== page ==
Country Facts

Major holidays and celebrations

  • Festa della Liberazione (Liberation Day) – April 25th 
  • Festa del Lavoro referred to colloquially as ‘primo maggio’ (Labour Day) – May 1st
  • Ferragosto (Assumption Day) 15th August

Italian celebrities you should know

  • Valentino Rossi, multiple MotoGP World Champion
  • Elena Ferrante, Novelist
  • Francesco Totti, ex-footballer
  • Inspector Montalbano, fictitious Sicilian detective in TV drama Il Commissario Montalbano
  • Laura Pausini, singer-songwriter

Historical figures

  • Marco Polo, (1254-1324) Venetian merchant traveller
  • Cristoforo Colombo (Christopher Columbus), (1451-1506)  Explorer
  • Leonardo Da Vinci, (1452-1519) Polymath (sculptor, inventor & mathematician)
  • Niccolò Machiavelli, (1469-1527) Renaissance historian, politician & philosopher
  • Galileo Galilei, (1564-1642) Polymath (astronomer, physicist, engineer, mathematician & philosopher)
  • Maria Montessori, (1870-1952) inventor & educationalist
  • Enzo Ferrari, (1898-1988) racing driver and entrepreneur
  • Rita Levi-Montalcini, (1909-2012) neurobiologist and Nobel Laureate
  • Federico Fellini, (1920-1993) Film director
  • Giovanni Agnelli, (1921-2003) industrialist and founder of Fiat
  • Dario Fò, (1926-2016) actor, comedian & left-wing political activist
  • Giovanni Falcone (1939-1992) & Paolo Borsellino, (1940-1992) anti-mafia judges and prosecuting magistrates in ‘Mani Pulite’
  • Silvio Berlusconi, (born 1936) business entrepreneur and ex-prime minister

Food taboos and favourites

Since Italians know that their food is the best in the world there is a tendency towards the suspicious when confronted with foreign foods. They are often willing to try new dishes but Italians might not be willing to adopt new cuisines into their own kitchens. As a foreign visitor to Italy you might be shocked to find that spaghetti Bolognese doesn’t exist but ‘ragù’ is actually the name of the meat based sauce for pasta. ‘Peperoni’ is actually red pepper not spicy salami and NEVER ask for pineapple on your pizza. You might be grossed out by the idea of the Italian New Year speciality called ‘zampone’ a flavoured pork meat stuffed into a pig trotter or its closely related culinary cousin the ‘cotechino’ but don’t be afraid to try them. Apart from that, you’re good to go in Italy.

Key words and national identity

  • Apericena a cross between aperitif and dinner
  • Menefregista ‘Non me ne frega’ means I don’t care but Italian also has a name for this kind of person
  • Particolare has many meanings ranging from positive to negative including describing something special or unusual or strange. When an Italian says to you ‘è particolare’ it will be difficult to understand of that person is complimenting you or trying to be diplomatic or even sarcastic.
  • Prego can mean ‘you’re welcome’, ‘after you’, ‘don’t mention it or it is also a way for someone to verbally indicate it’s your turn next, for example in a shop or during a meeting.

Landmarks and places of cultural significance

  • Lampedusa, a tiny Mediterranean island off the coast of Sicily was once a popular holiday destination but in recent years has become closely associated with the refugee crisis that has triggered complex cultural consequences around Europe. Being the southernmost island in Italy, it is the first place many of the migrant boats get to on entering Italian/European waters.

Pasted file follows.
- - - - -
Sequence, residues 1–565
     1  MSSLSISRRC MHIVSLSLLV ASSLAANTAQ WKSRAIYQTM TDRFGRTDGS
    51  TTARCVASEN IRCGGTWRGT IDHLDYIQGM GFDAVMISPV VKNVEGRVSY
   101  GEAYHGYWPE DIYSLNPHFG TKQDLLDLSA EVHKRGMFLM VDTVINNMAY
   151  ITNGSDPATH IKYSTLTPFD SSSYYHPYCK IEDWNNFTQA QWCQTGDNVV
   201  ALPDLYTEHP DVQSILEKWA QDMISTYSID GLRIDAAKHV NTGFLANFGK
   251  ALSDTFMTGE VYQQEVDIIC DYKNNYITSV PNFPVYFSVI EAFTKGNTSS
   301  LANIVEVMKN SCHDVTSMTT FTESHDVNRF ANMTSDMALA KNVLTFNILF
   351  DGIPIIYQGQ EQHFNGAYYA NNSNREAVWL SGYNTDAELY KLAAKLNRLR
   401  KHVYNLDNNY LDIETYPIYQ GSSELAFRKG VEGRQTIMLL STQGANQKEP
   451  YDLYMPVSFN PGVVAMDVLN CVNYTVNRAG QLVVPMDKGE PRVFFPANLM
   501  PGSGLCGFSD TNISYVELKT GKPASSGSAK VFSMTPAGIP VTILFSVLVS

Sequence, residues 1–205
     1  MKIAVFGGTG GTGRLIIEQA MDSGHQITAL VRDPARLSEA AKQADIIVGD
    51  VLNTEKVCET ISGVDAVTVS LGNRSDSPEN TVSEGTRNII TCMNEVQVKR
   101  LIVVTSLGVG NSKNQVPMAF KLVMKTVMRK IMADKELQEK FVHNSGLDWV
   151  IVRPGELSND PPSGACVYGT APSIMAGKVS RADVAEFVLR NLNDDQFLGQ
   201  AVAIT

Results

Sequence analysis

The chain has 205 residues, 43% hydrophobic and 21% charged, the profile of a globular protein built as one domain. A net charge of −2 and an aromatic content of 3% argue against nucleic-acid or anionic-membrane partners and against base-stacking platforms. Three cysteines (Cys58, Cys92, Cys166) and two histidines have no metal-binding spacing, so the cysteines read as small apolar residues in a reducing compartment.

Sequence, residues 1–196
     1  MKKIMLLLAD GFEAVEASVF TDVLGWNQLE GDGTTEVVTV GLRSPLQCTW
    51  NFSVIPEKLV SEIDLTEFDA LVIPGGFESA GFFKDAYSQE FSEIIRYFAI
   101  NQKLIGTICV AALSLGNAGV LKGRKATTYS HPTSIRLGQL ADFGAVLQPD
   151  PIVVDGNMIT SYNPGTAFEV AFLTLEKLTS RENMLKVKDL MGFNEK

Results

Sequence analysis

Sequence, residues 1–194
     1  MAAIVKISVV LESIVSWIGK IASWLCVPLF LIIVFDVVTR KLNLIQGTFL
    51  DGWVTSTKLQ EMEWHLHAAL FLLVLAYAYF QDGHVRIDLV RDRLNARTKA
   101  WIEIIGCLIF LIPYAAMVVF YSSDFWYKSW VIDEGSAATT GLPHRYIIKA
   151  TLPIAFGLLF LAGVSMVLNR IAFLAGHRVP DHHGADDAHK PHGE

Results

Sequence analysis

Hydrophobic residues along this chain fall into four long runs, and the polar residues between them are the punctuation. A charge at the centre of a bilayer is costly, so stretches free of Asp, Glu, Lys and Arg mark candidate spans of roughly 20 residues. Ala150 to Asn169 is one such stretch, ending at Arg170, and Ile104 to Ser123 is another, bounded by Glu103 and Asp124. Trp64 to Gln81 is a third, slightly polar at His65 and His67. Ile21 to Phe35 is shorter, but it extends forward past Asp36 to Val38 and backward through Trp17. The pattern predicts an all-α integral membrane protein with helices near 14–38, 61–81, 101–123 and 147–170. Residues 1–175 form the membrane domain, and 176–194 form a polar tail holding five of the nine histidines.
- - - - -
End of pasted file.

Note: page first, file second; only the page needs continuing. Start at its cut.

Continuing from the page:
• Sabaudia in the Lazio region of Italy is notable for its Rationalist architecture built to celebrate and represent the Fascist era in the 1930s. A pretty coastal town south of Rome it is now an attractive holiday destination and inspiration for documentaries about Italy’s Fascist past.

Languages and foreigners

Many people – especially younger people – speak some English. Most people in Italy will be very happy to help you out even there are language barriers. They also really appreciate if you try out a few words of Italian and even more so if you express interest in learning a little more. This can lead to some great conversations and is a good way to get to know the locals better.

Music genres Italians love

  • Pop: Laura Pausini, Tiziano Ferro, Eros Ramazzotti & Katy Perry
  • Rock: Shawn Mendes, Nek, Green Day, Robbie Williams & the Ramones
  • Djs/Funk/Electronic: Jovanotti, Planet Funk & Gigi D’Agostino
  • Contemporary R&B: Rihanna, Beyonce & Nicki Minaj

During the summer months in Italy there are loads of music festivals all over the country where you can see famous pop, rock and electronic bands, dance acts and DJs from around the world. This is a great way to meet and socialise with Italians of all generations. The opera is also popular especially when experienced in outdoor venues in Rome and Verona. Italians love Italian music but they are also very keen on singers and bands from the UK and the USA.


Football, Football, Football. Is the single most popular sport all over Italy being equally popular across the genders and generations. Formula One and MotoGP are avidly followed. Tennis, basketball, volleyball, cycling and perhaps surprisingly, fencing, are often sports that people play more than they watch.

Symbols of identity

These products shout ‘Made in Italy’ from the rooftops

  • Fiat 500 for iconic cars
  • Alessi for homewares is equally famous for its designs and designers
  • Giorgio Armani, Versace, Dolce Gabbana are all synonymous with Italian fashion
  • La Divina Comedia (The Divine Comedy) by Dante Alighieri is one of the world’s most famous poems
  • Parmigiano-Reggiano ‘parmesan’ is a hard cheese used for grating over pasta dishes and mozzarella is a soft buffalo milk cheese used in salads and on pizza
  • Pizza margherita represents the red, green and white colours of the Italian national flag
  • Prosciutto crudo (Parma ham) is a dry cured ham often served uncooked on pizza or with melon
  • Prosecco a sparkling white wine popular both in Italy and abroad